Whatever you thought of Obduction (and its initially uneasy technical performance on both PC VR headsets and PSVR) Cyan has a good track record of delivering, leaving the only real concern to when Firmament will arrive, and not if.
Food for thought: a prospective 2022 release of Firmament is slated to happen well within the lifecycle of next-gen consoles and PC hardware—and possibly VR hardware as well—so there’s no telling what technical advances the studio will need to adopt along the way if it’s looking to significantly lengthen the development roadmap. I guess we’ll see in a few years. As it is, Firmament is targeting PC, SteamVR headsets, macOS, and PS4 & PSVR.
Want to step into the iconic red boots of Sonic the Hedgehog? This fan-built VR experience will let you do just that, and with some serious attention to detail that Sonic fans are sure to appreciate.
Coming to the annual Sonic Amateur Games Expo (SAGE) 2020 in September is a new VR experience that lets you jump into a number of original Sonic the Hedgehog Zones. Called Virtua Sonic, users will be able to fight classic enemies, collect rings and use the terrain to your advantage to achieve high speeds.
As seen in the teaser trailer below, users run pretty similar to the locomotion scheme seen in Sprint Vector (2018), as you pump both arms in a skiiing motion. Users can also brake, jump high into the sky, dash mid-air, and slide along tracks.
“This project’s goal is to push the boundaries of what sorts of experiences are capable in virtual reality, showcasing the potential of the medium as it pertains to high-speed action games,” the developer says, who goes by the handle ‘SuperSonic68‘.
Virtua Sonic is said to support all SteamVR-compatible headsets such as HTC Vive, Valve Index, and Oculus Rift. Its creator however says there aren’t any plans to share it online before its debut at SAGE 2020, which takes place September 5th. We’re hoping we get the full-fat version after that, and it’s not stymied by any of the pesky litigation we’ve seen in other fan-built experiences.
In the meantime, if you’re looking for a playable Sonic VR experience to tide you over, NimSony’s Sonic VR prototype experience is still available for download.
Looking to dust off your flying skills before jumping into the cockpit of an X-wing or TIE fighter? Before EA’s upcoming space combat game Star Wars: Squadrons launches on PC VR and PSVR October 2nd, you may consider popping into a few of these VR-compatible flight combat games to get a head start on the competition.
Star Wars: Squadrons will have a few modes at launch, including a single-player campaign, and both a 5v5 multiplayer dogfighting deathmatch and objective-based battle mode. That said, there’s sure to be plenty of room for novice and pro dogfighters across all game modes. Check out the gameplay trailer to learn more.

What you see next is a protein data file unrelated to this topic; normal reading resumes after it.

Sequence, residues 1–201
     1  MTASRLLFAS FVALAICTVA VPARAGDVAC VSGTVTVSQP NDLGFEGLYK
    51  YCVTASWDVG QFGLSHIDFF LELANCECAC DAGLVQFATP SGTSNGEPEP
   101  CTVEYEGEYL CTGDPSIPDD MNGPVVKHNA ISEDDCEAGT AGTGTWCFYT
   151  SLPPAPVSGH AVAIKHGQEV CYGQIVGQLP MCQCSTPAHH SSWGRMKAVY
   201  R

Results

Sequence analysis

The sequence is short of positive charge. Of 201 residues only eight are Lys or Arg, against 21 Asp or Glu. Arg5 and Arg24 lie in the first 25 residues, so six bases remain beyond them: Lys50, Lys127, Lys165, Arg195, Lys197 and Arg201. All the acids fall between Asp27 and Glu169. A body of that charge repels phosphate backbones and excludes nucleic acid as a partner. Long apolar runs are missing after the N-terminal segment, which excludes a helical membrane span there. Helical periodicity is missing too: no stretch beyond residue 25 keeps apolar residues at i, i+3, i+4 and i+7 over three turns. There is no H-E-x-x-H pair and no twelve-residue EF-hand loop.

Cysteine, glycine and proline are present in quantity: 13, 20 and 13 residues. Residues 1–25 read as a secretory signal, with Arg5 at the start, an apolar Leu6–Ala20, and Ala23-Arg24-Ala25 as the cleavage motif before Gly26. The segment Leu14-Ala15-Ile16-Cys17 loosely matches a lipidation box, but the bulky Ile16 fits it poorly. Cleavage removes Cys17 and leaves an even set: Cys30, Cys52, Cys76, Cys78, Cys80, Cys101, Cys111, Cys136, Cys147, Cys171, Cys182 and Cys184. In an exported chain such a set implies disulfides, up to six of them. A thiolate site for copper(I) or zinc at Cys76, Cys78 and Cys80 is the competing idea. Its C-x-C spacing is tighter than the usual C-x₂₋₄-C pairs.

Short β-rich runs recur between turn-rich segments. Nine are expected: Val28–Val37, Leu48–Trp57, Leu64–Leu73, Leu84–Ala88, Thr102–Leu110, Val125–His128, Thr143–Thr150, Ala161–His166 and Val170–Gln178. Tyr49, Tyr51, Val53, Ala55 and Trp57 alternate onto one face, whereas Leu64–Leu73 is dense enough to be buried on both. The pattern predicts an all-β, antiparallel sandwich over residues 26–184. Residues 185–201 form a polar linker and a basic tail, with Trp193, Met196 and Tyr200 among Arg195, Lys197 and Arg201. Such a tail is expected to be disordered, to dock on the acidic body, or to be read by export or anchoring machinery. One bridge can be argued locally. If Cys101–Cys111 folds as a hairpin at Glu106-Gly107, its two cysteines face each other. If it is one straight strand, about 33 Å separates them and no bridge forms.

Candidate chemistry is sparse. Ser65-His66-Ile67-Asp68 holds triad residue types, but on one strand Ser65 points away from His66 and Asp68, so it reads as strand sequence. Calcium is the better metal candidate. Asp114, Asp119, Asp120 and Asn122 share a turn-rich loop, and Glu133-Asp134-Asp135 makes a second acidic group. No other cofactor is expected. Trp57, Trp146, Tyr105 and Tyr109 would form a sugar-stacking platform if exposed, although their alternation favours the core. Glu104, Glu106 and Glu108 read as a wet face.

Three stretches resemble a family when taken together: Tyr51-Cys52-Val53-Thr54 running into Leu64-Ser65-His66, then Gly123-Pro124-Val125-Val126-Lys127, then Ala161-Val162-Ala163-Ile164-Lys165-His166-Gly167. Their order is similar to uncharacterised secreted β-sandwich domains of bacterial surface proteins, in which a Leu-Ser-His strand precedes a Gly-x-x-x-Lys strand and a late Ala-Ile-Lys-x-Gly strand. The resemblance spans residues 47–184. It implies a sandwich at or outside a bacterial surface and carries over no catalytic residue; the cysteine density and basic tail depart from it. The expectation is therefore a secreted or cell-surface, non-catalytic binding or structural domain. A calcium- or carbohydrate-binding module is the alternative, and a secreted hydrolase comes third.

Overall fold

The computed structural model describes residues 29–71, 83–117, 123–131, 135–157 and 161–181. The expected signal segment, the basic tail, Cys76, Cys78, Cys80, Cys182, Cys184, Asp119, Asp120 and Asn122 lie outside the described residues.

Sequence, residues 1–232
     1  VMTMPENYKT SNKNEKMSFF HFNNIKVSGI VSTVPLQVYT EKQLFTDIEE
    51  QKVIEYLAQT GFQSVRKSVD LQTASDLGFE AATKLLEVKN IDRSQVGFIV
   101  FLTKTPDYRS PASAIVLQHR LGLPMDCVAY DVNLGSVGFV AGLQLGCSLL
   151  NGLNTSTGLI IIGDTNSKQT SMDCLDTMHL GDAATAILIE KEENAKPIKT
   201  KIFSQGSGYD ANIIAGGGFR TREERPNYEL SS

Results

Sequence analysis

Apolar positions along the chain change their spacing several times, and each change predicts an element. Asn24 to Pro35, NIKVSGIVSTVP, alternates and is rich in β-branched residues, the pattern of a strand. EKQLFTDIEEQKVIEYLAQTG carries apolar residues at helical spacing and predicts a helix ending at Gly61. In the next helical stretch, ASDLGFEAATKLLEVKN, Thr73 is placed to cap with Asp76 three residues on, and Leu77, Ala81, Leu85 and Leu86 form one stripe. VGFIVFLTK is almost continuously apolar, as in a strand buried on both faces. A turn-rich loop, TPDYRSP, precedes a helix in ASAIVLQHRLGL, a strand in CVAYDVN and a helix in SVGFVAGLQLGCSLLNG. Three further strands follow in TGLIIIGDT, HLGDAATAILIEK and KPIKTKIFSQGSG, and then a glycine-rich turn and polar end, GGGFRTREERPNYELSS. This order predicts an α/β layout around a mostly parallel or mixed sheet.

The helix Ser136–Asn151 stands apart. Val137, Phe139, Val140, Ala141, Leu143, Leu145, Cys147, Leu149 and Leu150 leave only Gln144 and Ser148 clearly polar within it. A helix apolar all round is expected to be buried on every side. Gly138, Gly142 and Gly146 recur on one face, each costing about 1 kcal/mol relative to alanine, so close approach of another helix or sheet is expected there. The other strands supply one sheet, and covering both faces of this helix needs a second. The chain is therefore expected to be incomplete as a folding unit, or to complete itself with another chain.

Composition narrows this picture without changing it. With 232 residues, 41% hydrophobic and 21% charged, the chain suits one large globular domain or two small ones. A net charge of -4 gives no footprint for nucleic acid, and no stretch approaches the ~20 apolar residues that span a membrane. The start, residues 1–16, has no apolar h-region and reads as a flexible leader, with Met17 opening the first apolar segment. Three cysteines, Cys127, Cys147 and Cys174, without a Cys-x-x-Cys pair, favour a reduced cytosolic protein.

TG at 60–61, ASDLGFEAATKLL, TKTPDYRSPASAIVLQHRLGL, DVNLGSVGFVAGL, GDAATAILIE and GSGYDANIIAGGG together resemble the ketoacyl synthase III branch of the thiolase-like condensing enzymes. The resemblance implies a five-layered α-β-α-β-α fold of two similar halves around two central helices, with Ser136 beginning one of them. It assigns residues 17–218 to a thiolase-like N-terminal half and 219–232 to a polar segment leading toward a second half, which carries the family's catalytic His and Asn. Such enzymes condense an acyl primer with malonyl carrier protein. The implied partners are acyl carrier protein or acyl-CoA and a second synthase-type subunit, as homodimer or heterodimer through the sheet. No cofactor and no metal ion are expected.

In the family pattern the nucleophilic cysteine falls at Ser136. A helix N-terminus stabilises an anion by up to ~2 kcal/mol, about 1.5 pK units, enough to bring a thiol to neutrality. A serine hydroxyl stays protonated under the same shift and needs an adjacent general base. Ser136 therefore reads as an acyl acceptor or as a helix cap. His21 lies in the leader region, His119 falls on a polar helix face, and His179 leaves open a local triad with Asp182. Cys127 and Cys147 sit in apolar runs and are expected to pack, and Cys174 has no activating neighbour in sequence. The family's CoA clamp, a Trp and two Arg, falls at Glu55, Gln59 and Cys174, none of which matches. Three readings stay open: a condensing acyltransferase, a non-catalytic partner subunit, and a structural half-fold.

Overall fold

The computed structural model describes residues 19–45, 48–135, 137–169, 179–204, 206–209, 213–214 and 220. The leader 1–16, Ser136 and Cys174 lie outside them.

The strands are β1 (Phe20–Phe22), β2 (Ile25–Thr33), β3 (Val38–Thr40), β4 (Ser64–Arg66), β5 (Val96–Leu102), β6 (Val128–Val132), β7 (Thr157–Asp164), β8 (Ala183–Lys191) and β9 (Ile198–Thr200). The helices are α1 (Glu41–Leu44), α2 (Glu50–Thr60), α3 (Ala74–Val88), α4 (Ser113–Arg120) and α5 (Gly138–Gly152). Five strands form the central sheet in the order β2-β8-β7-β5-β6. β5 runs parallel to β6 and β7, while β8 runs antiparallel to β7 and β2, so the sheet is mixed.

Anyway, here’s our roundup of a few great VR flight games, which span simulator and arcade subgenres. We’ve listed both PC VR and PSVR games below.
VTOL VR is the quintessential VR-native flight combat game, which includes multi-role jets and an immersive, interactive cockpit that lets you flip switches, press buttons, and manipulate the virtual flight controls with your own two hands. That’s something that probably won’t be possible in Squadrons, so you might as well enjoy it.
Free is a good price—especially for this full-featured MMO that puts you in basically any plane you can imagine, past and present. You don’t have to pay anything to jump right into a number of military-style jets and helicopters from some of the biggest battles in history. Arcadey controls for novice players, and bespoke ‘realistic mode’ designed for more experienced players.
Digital Combat Simulator World is another great free-to-play title focusing on authentic and realistic simulation of military aircraft, tanks, ground vehicles and ships. There may not be any X-wings, but there’s a bustling playerbase ready to hunt you down.
IL-2 Sturmovik: Battle of Stalingrad is definitely on the simulator side of things, but also approachable enough for new players. If you’re not well versed in flight combat games, you may be better off playing DCS World or War Thunder first before you throw down the cash for this one, which features detailed recreations of some Soviet/Nazi battles of WWII. Although released on Steam for PC in 2014, its VR implementation is on par with other retrofits.